“Offensive cartoons protected by free speech,” by Callin Sullivan, Daily Nebraskan, 10 February 2006, http://www.dailynebraskan.com/media/storage/paper857/news/2006/02/10/Opinion/Collin.W.Sullivan.Offensive.Cartoons.Protected.By.Free.Speech-1749271.shtml?norewrite200604112028&sourcedomain=www.dailynebraskan.com.
“Freedom of speech (or cartoons) is double-edged sword,” by Brian Bockelman, Daily Nebraskan, 13 February 2006, http://www.dailynebraskan.com/media/storage/paper857/news/2006/02/13/Opinion/Brian.Bockelman.Freedom.Of.Speech.or.Cartoons.Is.DoubleEdged.Sword-1749281.shtml?norewrite200604112028&sourcedomain=www.dailynebraskan.com.
“Muslim students speak out on Danish cartoon,” by Wade Larson, Daily Nebraskan, 17 February 2006, http://www.dailynebraskan.com/media/storage/paper857/news/2006/02/17/News/Muslim.Students.Speak.Out.On.Danish.Cartoon-1749401.shtml?norewrite200604112028&sourcedomain=www.dailynebraskan.com.
“Free Speech Also Covers a Right to Keep Silent,” Daily Nebraskan, 20 February 2006, http://www.dailynebraskan.com/media/storage/paper857/news/2006/02/20/Opinion/Staff.Editorial.Free.Speech.Also.Covers.A.Right.To.Keep.Silent-1749441.shtml?norewrite200604112028&sourcedomain=www.dailynebraskan.com.
“Prophet Mohammed’s birthday…,” by Danny Schulmann, Daily Nebraskan, 11 April 2006, page 4.
In a cartoon published in the University of Nebraska – Lincoln’s student newspaper (but not the newspaper’s website), a lone artist strikes a blow (kind of) against PC-Islamic censorship.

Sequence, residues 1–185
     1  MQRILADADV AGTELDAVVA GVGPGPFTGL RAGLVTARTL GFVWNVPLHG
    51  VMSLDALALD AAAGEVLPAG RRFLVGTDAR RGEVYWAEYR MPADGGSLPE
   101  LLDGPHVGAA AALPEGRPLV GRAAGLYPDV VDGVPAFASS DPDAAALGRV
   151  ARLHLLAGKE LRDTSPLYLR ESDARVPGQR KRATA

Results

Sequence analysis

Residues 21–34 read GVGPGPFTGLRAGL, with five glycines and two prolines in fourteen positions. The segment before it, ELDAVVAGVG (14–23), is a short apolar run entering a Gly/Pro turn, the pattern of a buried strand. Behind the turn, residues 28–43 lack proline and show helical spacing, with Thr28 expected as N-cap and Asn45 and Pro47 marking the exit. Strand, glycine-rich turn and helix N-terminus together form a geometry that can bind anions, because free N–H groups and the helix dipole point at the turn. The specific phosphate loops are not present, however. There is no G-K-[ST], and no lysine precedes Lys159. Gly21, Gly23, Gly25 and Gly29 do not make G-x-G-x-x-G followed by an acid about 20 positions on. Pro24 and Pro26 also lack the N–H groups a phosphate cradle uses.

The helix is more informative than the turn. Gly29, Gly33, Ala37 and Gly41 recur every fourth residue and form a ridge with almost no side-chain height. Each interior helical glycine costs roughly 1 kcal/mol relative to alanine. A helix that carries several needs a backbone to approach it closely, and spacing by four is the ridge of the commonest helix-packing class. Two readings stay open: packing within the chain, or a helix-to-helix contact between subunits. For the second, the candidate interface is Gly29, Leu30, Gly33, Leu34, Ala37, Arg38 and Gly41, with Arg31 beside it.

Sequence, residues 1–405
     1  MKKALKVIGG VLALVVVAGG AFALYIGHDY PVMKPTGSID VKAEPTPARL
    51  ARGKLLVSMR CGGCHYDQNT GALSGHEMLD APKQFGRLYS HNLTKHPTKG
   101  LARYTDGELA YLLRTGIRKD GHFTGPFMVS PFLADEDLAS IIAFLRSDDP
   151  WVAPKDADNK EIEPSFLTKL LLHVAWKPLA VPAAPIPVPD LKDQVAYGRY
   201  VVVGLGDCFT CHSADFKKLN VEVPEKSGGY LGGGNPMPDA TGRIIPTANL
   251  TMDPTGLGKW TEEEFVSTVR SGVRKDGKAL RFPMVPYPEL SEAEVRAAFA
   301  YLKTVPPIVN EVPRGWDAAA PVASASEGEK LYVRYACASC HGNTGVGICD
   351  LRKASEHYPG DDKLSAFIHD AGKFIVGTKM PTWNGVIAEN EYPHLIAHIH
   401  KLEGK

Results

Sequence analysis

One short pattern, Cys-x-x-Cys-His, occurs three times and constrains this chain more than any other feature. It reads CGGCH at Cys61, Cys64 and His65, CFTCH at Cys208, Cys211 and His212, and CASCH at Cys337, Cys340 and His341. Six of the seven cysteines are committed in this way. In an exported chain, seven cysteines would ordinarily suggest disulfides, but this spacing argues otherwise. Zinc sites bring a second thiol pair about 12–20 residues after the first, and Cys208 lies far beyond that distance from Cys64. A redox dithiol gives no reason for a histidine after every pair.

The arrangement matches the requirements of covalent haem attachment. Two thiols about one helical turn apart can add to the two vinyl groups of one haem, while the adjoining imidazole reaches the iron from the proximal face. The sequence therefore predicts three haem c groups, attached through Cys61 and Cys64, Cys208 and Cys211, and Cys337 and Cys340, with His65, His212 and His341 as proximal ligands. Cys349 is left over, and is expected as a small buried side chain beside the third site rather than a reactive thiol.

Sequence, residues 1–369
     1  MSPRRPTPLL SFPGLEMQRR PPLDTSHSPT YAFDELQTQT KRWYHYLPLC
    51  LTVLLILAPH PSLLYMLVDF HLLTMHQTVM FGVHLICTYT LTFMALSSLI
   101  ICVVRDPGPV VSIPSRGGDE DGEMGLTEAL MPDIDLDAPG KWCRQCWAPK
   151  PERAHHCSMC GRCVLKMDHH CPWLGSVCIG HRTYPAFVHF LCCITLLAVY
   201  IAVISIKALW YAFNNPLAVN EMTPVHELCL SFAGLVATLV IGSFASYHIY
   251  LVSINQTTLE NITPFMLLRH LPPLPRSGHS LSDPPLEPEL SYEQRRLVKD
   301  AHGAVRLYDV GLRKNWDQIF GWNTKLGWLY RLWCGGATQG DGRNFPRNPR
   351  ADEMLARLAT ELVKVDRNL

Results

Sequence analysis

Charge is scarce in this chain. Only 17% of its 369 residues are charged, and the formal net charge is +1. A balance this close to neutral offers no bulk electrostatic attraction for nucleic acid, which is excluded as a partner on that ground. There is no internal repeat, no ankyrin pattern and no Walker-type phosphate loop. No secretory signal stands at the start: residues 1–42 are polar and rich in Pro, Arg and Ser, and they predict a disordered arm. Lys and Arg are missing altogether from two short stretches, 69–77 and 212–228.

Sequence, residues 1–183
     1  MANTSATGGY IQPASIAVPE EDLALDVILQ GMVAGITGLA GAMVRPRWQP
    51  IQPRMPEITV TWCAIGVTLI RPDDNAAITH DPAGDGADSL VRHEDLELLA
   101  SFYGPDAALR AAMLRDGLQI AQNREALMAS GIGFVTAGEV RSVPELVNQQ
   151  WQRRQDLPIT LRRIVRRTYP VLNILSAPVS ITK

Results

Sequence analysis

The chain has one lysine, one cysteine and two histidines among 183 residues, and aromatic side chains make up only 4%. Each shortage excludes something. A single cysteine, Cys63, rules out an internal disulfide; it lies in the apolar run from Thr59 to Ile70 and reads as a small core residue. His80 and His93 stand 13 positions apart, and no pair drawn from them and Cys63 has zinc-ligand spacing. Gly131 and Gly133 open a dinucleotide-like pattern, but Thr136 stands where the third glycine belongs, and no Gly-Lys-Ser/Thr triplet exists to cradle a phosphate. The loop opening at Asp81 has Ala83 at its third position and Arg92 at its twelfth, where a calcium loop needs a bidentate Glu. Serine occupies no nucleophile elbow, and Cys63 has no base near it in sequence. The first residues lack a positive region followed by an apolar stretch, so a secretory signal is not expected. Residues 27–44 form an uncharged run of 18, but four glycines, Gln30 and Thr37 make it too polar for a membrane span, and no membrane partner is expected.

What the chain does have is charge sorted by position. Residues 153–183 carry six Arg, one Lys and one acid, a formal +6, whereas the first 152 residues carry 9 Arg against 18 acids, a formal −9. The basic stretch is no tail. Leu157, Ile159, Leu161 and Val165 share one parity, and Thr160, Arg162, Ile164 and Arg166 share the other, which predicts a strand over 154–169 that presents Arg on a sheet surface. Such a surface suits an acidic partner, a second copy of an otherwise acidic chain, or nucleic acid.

The DN has tried to walk middle-of-the-road in the Muslim cartoon controversy. Most contributors have agreed that the cartoons may be offensive, but they are still protected by the freedom of speech. (Indeed, so do most UNL students — except, oddly, for Summayia Khan, the UNL student the DN chose to profile to get the reactions of Muslims.) Yet when it comes to showing solidarity with their terrorist-threatened fellow journalists in Denmark, the DN has been less than brave. Or cowardly. Again, middle-of-the-road
Declaring “Free speech also covers a right to keep silent,” the editors nonetheless criticized the suspension of 2 student editors from the University of Illinois at Urbana-Champaign. Indeed, they wondered if it was unlawful to suspend the editors.
Nonetheless, because “no good can come of” “a showdown between the most powerful countries in the world against the most numerous religion in the world,” the DN did not carry the Danish cartoons. So they’ll criticize the PC crowd, who suspend students, if not Islamists, who threaten to kill them.
Which brings us to today’s cartoon, with its asterisk and its snarky line. It’s a nice comment on self-censorship — without breaking that self-censorship.
If the Daily Nebraskan had wanted to be brave, it could have shown solidarity with the culture editor of the Jyllands-Posten.
If the Daily Nebraskan had wanted to be politically correct, it would not have run this cartoon at all.